Merrill Lynch’s big shift in Incentive Compensation

Earlier this year, it was reported that Merrill Lynch would back away from the traditional imperative in the wealth industry of growth through recruiting. Instead, it would make more substantial investments in advisor performance – including more training, practice support and new technology. Merrill Lynch has always been an innovator and leader and this significant shift towards a stronger Sales Performance Management posture signals an important strategy for the future in the wealth management industry.

Read also: Merrill Lynch refocuses on performance culture.

Now, the other shoe has dropped – this time in the form of a substantial change in how Merrill will compensate financial advisors in the new year. This makes perfect sense in the context of Merrill’s evolving strategy that is focused on driving growth through enhancing the scale and performance of the existing roster of advisors. It’s akin to same store performance metric in the retail sector, in this case, it’s about ‘same practice performance’. It also clearly signals that Merrill is a home for growth and performance focused advisors.

Merrill has lead the industry in compensation innovation for decades. Since the late 1990s, they have been striving to better align their advisor incentive compensation with their corporate strategy. Annually, they review their incentive compensation plans in order to adjust, test and iterate.

But this year, something is different. When we take this in the context of other changes in their focus, we can see the clear emergence of a strong bias to investment in advisor performance over other growth investments. And the focus is on growing the business through the acquisition of the right customers.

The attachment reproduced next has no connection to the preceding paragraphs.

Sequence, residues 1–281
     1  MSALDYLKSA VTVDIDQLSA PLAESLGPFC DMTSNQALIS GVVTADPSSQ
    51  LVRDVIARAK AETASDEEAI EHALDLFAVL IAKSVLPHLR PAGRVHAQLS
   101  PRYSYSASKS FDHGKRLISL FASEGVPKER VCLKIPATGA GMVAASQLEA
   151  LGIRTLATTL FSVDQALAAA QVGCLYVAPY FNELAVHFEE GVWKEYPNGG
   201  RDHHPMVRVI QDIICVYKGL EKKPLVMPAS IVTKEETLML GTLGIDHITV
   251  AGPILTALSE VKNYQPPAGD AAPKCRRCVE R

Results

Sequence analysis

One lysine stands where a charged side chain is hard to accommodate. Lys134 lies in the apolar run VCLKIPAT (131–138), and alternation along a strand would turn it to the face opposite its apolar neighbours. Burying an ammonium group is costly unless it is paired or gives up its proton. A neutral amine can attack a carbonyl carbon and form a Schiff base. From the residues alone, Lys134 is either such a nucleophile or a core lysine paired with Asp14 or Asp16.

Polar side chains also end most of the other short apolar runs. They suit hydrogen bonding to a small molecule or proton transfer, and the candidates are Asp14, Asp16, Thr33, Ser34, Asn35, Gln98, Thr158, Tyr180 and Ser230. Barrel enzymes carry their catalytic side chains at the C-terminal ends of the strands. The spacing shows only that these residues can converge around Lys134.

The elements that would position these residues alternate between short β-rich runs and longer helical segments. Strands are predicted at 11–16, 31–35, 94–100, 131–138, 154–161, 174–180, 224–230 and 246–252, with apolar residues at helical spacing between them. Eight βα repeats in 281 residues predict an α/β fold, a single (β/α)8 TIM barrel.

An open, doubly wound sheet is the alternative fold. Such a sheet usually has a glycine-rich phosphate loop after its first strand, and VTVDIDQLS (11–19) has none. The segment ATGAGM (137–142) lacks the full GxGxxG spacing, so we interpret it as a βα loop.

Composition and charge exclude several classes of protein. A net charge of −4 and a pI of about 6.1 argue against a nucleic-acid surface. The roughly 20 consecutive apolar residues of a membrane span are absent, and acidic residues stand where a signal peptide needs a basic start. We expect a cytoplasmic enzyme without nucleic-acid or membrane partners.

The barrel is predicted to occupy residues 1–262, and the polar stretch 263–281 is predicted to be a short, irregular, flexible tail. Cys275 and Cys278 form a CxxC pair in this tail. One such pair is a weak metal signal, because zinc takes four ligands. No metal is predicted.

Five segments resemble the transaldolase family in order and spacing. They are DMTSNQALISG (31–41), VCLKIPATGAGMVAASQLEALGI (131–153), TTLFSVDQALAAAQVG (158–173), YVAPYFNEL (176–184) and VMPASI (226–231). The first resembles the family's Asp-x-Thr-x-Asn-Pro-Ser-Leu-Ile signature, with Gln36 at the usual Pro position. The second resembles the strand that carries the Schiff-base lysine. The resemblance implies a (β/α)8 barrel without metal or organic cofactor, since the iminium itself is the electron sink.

The new approach to incentive compensation features a strong emphasis on supporting, focusing and rewarding growth. Let me break it down to its component parts:

  • The design includes both rewards and penalties for achievement (or a lack of). The embrace of this dynamic, and this broadly applied, should be taken as an indicator of the future for Merrill Incentive Compensation.
  • It includes both revenue-driven (commonly called production-based) and non-revenue driven (metrics-based) aspects. This is not new, but it does involve a different approach to measurement and, I believe, signals an increased comfort with non-revenue driven metrics as important tools in aligning incentive compensation with strategic business objectives.
  • It focuses on customers as a unit of measure, rather than assets or revenues exclusively. This is a welcome change. Though not a new invention, the shift to customers versus assets or revenues is a strong signal. As Merrill gains traction with customer metrics in incentive compensation, they will enable increasingly more powerful focus and leverage, ultimately supporting niche marketing, customer success and other dimensions.
  • The incentives are not exclusively end-of-year focused. In fact, there is opportunity for monthly benefits for advisors who perform well on certain metrics. Regular reward (or penalty) aligns better with how most humans learn and are encouraged. We form habits through repetition. This design reinforces progression.
  • It extends the ‘financial footprint focus’ (assets and liabilities) introduced in previous years.
  • There is more deferred incentives and a bit less cash. Given the reduced emphasis on recruiting and the aging advisor population, increases in retention efforts should not be a surprise.
  • Family referrals (meaning across Bank of America) remain a priority, although some adjustments reduce the penalty for not referring. Merrill becomes further embedded into Bank of America each year. It’s always an interesting challenge encouraging advisors who have had a largely open product shelf to focus on product options from a single supplier. This reduction in penalty for not referring makes sense in the pursuit of a more customer first, dare we say, ‘best interest’, environment.

Finally, we note that Merrill is making some significant changes to help with advisor retirement and customer retention by substantial enhancement to the existing Client Transition Program. A clear indication that the aging demographics of the advisor population are becoming an increasingly acute concern for future business performance.

Overall, Merrill Lynch is moving in the right direction, making smart, strategically aligned incentive compensation the foundation of their sales performance management program and increasing the likelihood of strong future corporate performance.